The hospital wasn't too bad over the weekend, but busy enough.  Saturday we admitted a man with a new diagnosis of AIDS. One of the nurses here described it as the modern day leprosy of Ecuador.  Folks are cast out of their community when they get the diagnosis of HIV. Results in a lot of denial, it seems.  At least that's what must have been going on with this fellow.  By the time he sought medical attention, his disease is well advanced and he is wasting away.  We're transferring him to a public hospital so he can get plugged in to the national HIV program and get his meds for free.  Sunday there was a lady from the jungle who came in with a pretty impressive periorbital cellulitis.  The right side of her face was all puffed up and the eyelid incredibly swollen and tense.  Since we didn't have access to CT over the weekend (it's in the neighboring town, anyway) we were lucky to have a visiting ophthalmologist to reassure us that the infection wasn't actually in the orbit.  She's improving with antibiotics, but difficult to communicate with because Spanish isn't her first language.  Delivered another baby early Monday morning and that afternoon I took a nap to the sounds of the rain!  

On call again today, but only for OB and peds while the gastroenterologist who's visiting from North Carolina covers adults.  It's already been a busy night with the anaphylaxis girl and a tiny 5 day old baby who was born in the jungle presenting with fever.  Has a pretty nasty belly button, so where calling it omphalitis and treating with IV antibiotics. So little but has so much hair!

One thing I love about coming to places like this is meeting all the folks who come from all over the world to work in these remote areas.  I had dinner with a German couple who have been serving in Ecuador for over 20 years, a family from Cuba, and a guy from Seattle.  Tomorrow I have plans to head into the nearby city with a group of the Ecuadorian residents. It's started to rain again, so I'd better get to bed and let it lull me to sleep.  Won't take much.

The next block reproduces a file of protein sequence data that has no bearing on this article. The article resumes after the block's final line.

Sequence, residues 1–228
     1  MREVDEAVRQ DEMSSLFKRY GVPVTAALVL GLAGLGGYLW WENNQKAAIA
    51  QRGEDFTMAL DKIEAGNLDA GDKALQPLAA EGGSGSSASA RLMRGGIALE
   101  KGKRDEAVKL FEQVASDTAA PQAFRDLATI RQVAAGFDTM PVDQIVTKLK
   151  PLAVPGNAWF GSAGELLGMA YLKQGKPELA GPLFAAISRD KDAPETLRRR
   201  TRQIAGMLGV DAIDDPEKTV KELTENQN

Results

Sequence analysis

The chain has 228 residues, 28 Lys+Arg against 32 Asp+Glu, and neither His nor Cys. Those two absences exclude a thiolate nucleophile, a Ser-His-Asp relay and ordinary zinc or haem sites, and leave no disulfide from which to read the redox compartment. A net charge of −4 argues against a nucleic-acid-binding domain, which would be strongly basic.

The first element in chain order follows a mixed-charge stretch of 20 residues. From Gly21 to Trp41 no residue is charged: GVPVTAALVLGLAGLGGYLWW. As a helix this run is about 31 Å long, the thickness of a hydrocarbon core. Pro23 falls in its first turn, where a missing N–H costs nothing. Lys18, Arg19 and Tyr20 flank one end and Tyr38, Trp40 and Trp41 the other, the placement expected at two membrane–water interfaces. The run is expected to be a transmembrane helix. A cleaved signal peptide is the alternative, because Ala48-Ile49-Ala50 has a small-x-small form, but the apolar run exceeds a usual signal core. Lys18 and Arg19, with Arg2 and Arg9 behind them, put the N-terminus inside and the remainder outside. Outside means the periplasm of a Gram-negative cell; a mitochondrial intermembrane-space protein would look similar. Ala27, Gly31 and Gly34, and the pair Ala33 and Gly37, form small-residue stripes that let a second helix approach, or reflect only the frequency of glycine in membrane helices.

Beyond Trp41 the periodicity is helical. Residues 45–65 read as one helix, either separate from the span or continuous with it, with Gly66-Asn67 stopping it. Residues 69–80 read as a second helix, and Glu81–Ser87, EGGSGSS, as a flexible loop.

Strange but True:  A patient's medical information in Ecuador can be withheld from them by a physician, hospital, social security/ministry of health.  An individual may have to get a lawyer to write a letter to the government agency to release biopsy results to a patient.  Coming from the land of HIPPA, I find this mind-boggling.  



( 12 comments — Leave a comment )
Aug. 1st, 2012 06:23 am (UTC)
Fascinating! :)
Aug. 6th, 2012 11:28 pm (UTC)
Thanks for reading, and for taking the time to comment. :-)
Aug. 1st, 2012 07:20 am (UTC)
You're doing good work, m'dear. Kudos and keep well yourself. I agree with hardboiledbaby, it's really interesting to hear about other places and differences and people's experiences, especially non-touristy stuff.

Is this an official "exchange" programme, something you fixed up yourself, or what?

Sorry, I probably missed your post explaining.
Aug. 6th, 2012 11:32 pm (UTC)
Thank you! :-)

It's kind of an exchange program... The director of the fellowship I'll be starting when I get back has a relationship with the folks who run the hospital here, and I think he'd like to send fellows down for rotations on a regular basis. This is the first year, though, and I'm the second fellow to come. They just asked me if I'd be interested in going to Ecuador, I said sure, and here I am!